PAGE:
Protect the last of the wild

James E.M. Watson, Oscar Venter, Jasmine Lee, Kendall R. Jones, John G. Robinson, Hugh P. Possingham, James R. Allan

Research output: Contribution to journalComment / DebateOtherpeer-review

85 Citations (Scopus)


A century ago, only 15% of Earth’s surface was used to grow crops and raise livestock. Today, more than 77% of land (excluding Antarctica) and 87% of the ocean has been modified by the direct effects of human activities. This is illustrated in our global map of intact ecosystems (see ‘What’s left?’).

Between 1993 and 2009, an area of terrestrial wilderness larger than India — a staggering 3.3 million square kilometres — was lost to human settlement, farming, mining and other pressures. In the ocean, areas that are free of industrial fishing, pollution and shipping are almost completely confined to the polar regions.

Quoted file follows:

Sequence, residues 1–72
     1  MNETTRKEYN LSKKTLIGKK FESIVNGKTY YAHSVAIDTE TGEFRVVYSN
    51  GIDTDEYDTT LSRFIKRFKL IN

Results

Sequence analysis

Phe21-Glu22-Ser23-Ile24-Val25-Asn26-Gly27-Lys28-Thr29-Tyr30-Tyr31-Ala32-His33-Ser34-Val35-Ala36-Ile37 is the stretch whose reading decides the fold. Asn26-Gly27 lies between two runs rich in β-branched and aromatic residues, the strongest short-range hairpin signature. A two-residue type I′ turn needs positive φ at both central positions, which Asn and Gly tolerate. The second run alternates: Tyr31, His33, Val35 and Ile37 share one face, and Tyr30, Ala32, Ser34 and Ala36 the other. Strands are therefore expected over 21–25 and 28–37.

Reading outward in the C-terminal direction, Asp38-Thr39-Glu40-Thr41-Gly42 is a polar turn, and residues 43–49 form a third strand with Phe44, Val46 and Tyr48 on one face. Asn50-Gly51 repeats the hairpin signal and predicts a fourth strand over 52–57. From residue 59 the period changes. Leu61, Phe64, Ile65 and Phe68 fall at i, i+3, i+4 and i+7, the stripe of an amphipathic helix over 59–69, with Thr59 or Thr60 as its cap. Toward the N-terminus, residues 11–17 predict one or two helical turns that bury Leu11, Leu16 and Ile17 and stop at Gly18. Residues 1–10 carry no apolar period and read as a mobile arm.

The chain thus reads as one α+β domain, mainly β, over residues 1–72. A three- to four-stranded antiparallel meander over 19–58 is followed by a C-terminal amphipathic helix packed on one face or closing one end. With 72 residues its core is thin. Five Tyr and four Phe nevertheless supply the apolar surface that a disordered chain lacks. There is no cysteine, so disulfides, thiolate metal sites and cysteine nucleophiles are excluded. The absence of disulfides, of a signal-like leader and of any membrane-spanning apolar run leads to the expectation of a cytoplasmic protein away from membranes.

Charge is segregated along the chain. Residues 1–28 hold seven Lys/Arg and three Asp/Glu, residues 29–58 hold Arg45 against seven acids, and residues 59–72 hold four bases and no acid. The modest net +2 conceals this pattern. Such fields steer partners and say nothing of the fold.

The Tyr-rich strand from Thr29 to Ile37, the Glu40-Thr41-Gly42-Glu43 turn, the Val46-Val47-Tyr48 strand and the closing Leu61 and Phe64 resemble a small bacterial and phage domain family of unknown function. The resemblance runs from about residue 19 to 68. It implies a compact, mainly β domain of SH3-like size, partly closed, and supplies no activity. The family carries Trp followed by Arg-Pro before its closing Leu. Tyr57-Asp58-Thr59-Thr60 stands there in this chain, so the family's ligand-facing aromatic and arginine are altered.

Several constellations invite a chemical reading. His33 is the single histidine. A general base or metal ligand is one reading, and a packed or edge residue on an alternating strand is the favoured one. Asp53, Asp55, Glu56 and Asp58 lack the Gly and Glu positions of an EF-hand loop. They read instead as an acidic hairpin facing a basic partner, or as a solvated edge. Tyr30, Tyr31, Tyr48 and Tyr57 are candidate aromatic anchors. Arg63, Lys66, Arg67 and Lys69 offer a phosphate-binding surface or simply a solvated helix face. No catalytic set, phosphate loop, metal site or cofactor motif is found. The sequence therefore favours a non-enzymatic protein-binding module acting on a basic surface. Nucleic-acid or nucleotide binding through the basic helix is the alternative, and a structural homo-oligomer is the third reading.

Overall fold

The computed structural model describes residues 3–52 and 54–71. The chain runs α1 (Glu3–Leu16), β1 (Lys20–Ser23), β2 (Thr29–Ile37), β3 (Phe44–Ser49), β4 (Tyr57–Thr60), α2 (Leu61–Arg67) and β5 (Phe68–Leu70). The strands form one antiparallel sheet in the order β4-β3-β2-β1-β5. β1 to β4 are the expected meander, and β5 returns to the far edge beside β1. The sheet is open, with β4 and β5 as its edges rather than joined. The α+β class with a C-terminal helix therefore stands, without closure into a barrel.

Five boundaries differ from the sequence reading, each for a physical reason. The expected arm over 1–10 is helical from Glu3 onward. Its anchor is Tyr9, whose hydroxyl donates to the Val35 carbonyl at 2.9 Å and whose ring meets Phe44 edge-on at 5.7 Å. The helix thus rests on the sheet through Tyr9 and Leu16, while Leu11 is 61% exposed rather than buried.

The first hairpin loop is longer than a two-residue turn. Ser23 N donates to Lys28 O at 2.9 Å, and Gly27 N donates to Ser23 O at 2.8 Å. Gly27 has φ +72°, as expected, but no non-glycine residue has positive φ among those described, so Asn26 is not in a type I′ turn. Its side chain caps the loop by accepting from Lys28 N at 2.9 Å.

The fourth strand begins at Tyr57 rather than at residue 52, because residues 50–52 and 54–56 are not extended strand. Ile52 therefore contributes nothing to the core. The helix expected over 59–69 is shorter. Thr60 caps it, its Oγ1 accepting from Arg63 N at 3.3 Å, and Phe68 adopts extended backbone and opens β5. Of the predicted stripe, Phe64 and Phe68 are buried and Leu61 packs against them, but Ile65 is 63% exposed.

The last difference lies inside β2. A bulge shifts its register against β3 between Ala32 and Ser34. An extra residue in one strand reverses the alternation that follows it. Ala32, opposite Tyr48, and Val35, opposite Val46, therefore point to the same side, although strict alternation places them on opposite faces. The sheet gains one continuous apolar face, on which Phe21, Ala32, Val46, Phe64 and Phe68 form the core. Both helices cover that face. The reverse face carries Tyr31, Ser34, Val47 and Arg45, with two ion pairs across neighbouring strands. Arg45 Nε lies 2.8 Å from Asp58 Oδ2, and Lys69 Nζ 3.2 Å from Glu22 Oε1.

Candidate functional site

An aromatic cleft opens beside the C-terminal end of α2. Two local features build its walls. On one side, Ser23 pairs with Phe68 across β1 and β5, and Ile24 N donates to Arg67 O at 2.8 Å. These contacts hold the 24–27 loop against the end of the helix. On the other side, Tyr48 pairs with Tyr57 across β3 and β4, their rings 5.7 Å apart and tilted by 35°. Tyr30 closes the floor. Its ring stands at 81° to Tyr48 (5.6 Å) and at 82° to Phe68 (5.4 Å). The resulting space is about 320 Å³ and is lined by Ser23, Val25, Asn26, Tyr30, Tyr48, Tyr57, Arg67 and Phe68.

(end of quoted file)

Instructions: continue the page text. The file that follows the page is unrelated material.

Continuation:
Numerous studies are revealing that Earth’s remaining wilderness areas are increasingly important buffers against the effects of climate change and other human impacts. But, so far, the contribution of intact ecosystems has not been an explicit target in any international policy framework, such as the United Nations’ Strategic Plan for Biodiversity or the Paris climate agreement.

This must change if we are to prevent Earth’s intact ecosystems from disappearing completely.
Original languageEnglish
Pages (from-to)27-30
Number of pages4
Issue number7729
Publication statusPublished - 1 Nov 2018
Externally publishedYes


  • Climate change
  • Conservation biology

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